New Customers Save $30 off $100+* with code SEPTNEW30
New Customers Save $30* with code SEPTNEW30
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Evening Land Vineyards Eola-Amity Hills Seven Springs Vineyard Pinot Noir 2007
Long a source for benchmark Oregon Pinot Noir, the Seven Springs Vineyard is now a 'monopole' vineyard estate. Seven Springs was first planted in 1981. Occupying the "belly" of an easy-facing ridge in the Eola Hills of Oregon's Willamette Valley, the soils of Seven Springs spring from the mineral rich red volcanic rock and are planted to a mix of Oregon Heritage and Dijon clones. Winemaker: Isabelle Meunier with Dominique Lafon, consulting winemaker.
The Seven Springs Vineyard Estate Pinot Noir comes from a selection of old and new plantings in each corner of the vineyard. The vines that produce this wine sit in classic red Jory soils typical of both the Eola Hills and the Dundee Hills of Oregon. The root system enjoys a roomy 5 feet or more of topsoil before hitting the underlying volcanic rock shelf.
Bright and juicy, with lively acidity and a streak of distinctive minerality running through the raspberry and floral flavors, lingering on the refined finish. Best from 2010 through 2014. 1,519 cases made.
The 2007 Pinot Noir La Source Seven Springs Vineyard was aged in a larger percentage of new oak. It exhibits a similar bouquet but greater structure and sweeter fruit on the palate. Ripe, concentrated, and with a masculine personality, it will benefit from 2-3 years of additional cellaring and offer prime drinking from 2011 to 2019.
Famous for its food-friendly, approachable wines and their storied history, Chianti is perhaps the best-known wine region of Italy. This sub-zone of Tuscany has it all—sweeping views of undulating hills, the hot Mediterranean sun, hearty cuisine, and a rich artistic heritage. Historically packaged in short, round, straw-covered bottles known as “fiaschi” and containing insipid red liquid, Chianti today is typically not your Italian grandfather’s pizza wine. The heart of the Chianti zone is known as Chianti Classico, as the region has expanded its boundaries over time to capitalize on the wine’s fame, thus diluting its reputation. Within Chianti there are seven other subzones with unique characteristics, including Colli Senesi, Colli Fiorentini, and Chianti Rufina.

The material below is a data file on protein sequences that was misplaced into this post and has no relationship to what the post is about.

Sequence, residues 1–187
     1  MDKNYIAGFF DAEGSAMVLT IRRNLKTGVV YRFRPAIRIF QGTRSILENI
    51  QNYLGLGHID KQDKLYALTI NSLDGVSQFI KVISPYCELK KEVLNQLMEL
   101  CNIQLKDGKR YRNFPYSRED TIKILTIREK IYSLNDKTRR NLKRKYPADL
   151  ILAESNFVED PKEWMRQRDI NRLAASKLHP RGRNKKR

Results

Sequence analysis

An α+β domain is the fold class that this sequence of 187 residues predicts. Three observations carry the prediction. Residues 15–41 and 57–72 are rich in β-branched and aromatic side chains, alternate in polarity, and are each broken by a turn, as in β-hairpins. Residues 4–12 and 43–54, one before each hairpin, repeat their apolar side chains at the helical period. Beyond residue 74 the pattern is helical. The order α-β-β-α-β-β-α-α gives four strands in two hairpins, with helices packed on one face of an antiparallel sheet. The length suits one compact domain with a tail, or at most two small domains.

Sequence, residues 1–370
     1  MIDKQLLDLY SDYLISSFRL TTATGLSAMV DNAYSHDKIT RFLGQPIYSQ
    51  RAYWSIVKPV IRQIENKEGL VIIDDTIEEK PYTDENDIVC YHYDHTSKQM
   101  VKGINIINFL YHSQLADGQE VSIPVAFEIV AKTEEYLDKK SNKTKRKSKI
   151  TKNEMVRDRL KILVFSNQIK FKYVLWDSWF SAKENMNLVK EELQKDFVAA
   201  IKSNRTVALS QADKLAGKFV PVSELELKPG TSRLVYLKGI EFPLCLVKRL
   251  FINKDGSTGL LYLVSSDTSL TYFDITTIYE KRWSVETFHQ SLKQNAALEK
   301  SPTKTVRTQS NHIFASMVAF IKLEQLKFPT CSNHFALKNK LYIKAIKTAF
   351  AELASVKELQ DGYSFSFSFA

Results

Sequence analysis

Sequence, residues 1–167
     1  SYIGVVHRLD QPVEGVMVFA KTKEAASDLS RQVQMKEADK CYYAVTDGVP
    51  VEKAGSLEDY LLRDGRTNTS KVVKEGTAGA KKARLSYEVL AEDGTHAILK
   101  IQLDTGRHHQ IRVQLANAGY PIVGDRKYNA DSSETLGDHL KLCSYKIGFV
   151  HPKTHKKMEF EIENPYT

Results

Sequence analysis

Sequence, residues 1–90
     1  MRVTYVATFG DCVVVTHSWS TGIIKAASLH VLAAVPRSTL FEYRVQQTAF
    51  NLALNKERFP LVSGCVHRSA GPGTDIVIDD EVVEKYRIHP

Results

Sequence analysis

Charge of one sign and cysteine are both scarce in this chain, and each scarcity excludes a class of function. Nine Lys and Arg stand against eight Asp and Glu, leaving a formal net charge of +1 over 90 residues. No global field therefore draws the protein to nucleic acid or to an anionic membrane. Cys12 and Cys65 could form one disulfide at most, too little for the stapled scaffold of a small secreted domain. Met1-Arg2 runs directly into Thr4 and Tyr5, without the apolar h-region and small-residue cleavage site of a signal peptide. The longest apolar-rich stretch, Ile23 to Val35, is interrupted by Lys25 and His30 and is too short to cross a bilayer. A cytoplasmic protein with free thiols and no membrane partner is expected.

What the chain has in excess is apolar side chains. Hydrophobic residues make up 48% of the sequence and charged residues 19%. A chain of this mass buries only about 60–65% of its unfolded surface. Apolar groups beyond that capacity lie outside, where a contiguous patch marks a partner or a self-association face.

Chianti wines are made primarily of Sangiovese, with other varieties comprising up to 20% of the blend. Generally, local varieties are used, including Canaiolo, Mammolo, and Marzemino, but international varieties such as Cabernet Sauvignon, Merlot, and Syrah have also been approved in more recent years. Basic, inexpensive Chianti is simple and fruit-forward and makes a great companion to any casual dinner involving red sauce. At its apex, it is savory and rustic with high acidity, firm tannins, and notes of tart red fruit, dried herbs, fennel, salami, balsamic vinegar, and smoky tobacco. Chianti Riserva, typically the top bottling of a producer, can benefit handsomely from a decade or two of cellaring.
The perfect intersection of bright fruit and savory earthiness, Sangiovese is the backbone variety in Tuscany. While it is best known as the chief component of Chianti, it reaches the height of its power and intensity in the complex, long-lived Brunello di Montalcino. Elsewhere throughout Italy, it can make inexpensive wines for daily consumption ranging from inoffensive to deliciously easy. On the French island of Corsica, under the name Nielluccio, it produces excellent bright and refreshing red and rosé wines with a personality of their own. Sangiovese has also enjoyed moderate popularity in California and Washington State over the last few decades.
In the Glass
Sangiovese is a medium-bodied red with savory flavors of tart cherry, plum, tomato, fresh tobacco, anise, thyme, oregano, and dried earth. High-quality, well-aged examples will take on notes of smoke, clay pot, leather, gamey meat, potpourri, and dried fruits. Corsican Nielluccio is distinguished by a subtle perfume of dried flowers.
Sangiovese is the ultimate pizza and pasta red—its high acidity, moderate alcohol, and grainy tannins create an affinity with tomato-based dishes, spicy meats, and anything off the barbecue.
Although it is the star variety of Tuscany, cult-classic “Super-Tuscan” wines may contain no Sangiovese at all! Since the 1970s, local winemakers have been producing big, bold wines (with price tags to match) that are typically monovarietal or a blend of one or more of several international varieties—usually Cabernet Sauvignon, Cabernet Franc, Merlot, or Syrah—with or without Sangiovese.